THE TAKEAWAY:Federal Reserve stimulus allowed investors to finance carry trade positions > Speculation for reducing monetary easing weighs on risk sentiment, investors unwind carry trade > Emerging-market currencies tumble
When the Federal Reserve began its massive stimulus program, its low interest rate essentially reduced risk for yield-seeking investors. With a safety net in place, speculators were able to borrow cheaply and invest in rapidly developing countries such as the BRICS where opportunities for higher returns were abundant. However, as the Federal Reserve saw a modest recovery in the U.S., it began to look for opportunities to reduce its monetary easing. This threatened investor profits and weakened risk appetite for returns, leading many to unwind their carry trade and park funds in safe haven assets such as the U.S. Dollar. As such, speculation on when the Federal Reserve will reduce its monthly asset purchases has sent the U.S. Dollar higher and its emerging-market counterparts tumbling.
In the Americas, the Brazilian Real has lost nearly 15 percent of its value against the greenback since the beginning of the year even as the Central Bank of Brazil has attempted to support its currency with three 0.25 percent increases to its benchmark interest rate. Inflation continues to be a concern for the central bank even as GDP growth forecasts have been repeatedly lowered.
Across the Atlantic in South Africa, the Rand has also suffered from inflationary pressures. The South African Reserve Bank has kept its benchmark interest rate at a 40-year low of 5 percent to encourage economic growth. Although its second quarter GDP is expected to have grown 3.3 percent year-over-year, the Rand has declined the most out of the BRIC currencies.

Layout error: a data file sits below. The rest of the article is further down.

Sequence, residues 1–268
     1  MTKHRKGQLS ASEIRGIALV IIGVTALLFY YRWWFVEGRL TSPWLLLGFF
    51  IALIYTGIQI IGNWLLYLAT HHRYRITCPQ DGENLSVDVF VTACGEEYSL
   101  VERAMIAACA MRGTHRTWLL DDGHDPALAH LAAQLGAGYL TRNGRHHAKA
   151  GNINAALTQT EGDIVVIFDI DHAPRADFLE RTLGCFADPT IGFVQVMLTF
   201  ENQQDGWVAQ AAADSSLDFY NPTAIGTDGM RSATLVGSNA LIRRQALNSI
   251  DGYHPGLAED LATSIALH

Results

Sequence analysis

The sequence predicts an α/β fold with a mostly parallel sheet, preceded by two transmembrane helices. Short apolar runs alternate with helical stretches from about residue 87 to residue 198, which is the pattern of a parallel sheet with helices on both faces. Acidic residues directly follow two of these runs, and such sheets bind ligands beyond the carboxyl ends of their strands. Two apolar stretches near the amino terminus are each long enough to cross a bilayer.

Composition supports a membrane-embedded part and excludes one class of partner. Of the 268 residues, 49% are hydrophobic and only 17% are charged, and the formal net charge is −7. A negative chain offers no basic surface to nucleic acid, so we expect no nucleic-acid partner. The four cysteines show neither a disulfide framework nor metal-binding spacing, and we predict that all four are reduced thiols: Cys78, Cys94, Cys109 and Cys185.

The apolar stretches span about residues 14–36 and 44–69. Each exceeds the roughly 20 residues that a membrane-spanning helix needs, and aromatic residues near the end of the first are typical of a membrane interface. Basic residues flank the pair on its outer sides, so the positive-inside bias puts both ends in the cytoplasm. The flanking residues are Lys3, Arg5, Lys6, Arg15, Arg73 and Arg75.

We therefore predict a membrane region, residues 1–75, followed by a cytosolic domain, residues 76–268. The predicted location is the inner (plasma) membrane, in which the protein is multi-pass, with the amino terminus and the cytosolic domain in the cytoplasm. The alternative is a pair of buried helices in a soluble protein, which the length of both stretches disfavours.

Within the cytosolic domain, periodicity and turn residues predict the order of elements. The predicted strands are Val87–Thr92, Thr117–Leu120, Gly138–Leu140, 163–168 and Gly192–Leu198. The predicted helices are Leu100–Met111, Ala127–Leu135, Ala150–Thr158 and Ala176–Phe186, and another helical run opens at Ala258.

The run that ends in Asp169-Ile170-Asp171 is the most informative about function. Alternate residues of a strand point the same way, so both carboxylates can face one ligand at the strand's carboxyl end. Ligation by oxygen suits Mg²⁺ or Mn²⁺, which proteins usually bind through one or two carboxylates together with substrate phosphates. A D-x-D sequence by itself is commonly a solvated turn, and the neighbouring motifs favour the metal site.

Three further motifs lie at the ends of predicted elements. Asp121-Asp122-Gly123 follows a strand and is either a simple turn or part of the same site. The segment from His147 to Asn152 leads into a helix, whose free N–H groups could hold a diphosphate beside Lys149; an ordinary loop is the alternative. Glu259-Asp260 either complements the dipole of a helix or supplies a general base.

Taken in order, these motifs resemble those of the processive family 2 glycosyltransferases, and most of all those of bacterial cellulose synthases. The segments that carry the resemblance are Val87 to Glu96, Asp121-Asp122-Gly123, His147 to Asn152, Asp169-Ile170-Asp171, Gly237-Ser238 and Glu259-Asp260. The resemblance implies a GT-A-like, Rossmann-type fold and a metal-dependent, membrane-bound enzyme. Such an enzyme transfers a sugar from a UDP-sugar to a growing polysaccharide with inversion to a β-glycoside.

In Asia, the Indian Rupee has moved to record lows in recent weeks. As the Indian economy battles a growing current-account deficit, sluggish core industries, and higher inflation, the Indian Rupee has seen little relief as many investors lose confidence in Indian assets. The Reserve Bank of India has been juggling its monetary policy to support its currency without strangling its economic growth, but the Rupee has already declined more than 12 percent against the U.S. Dollar since January.
Up north, the Russian Ruble has declined the least in the same time period. However, second quarter GDP growth figures were below expectations. Slower momentum could lead investors to expect action from the Central Bank of Russia to encourage economic growth. The reserve bank has not changed its base interest rate in 11 months, which stands at 8.25 percent.
The only BRICS currency to appreciate against the U.S. Dollar is the Chinese Renminbi. Historically, the currency has been deemed undervalued due to manipulations by the central government to give China an export advantage. But recently, even with a slowdown in economic growth, the People’s Bank of China has maintained a prudent monetary policy. By allowing the Renminbi to move higher against the dollar at the expense of GDP figures, the central bank could be hinting at its intentions to transition China’s export-oriented economy towards a consumption-based one.
This week,developments on the U.S. frontwill likely drive movement in the U.S. Dollar. Investors will likely be looking towards Wednesday’s FOMC meeting minutes and the Fed’s Economic Symposium starting on Thursday to weigh their expectations for the central bank’s monetary policy. Rhetoric reinforcing investor expectations for a September time-table to reduce the Federal Reserve’s quantitative easing could further fuel the unwinding of the carry-trade and send the Dollar higher.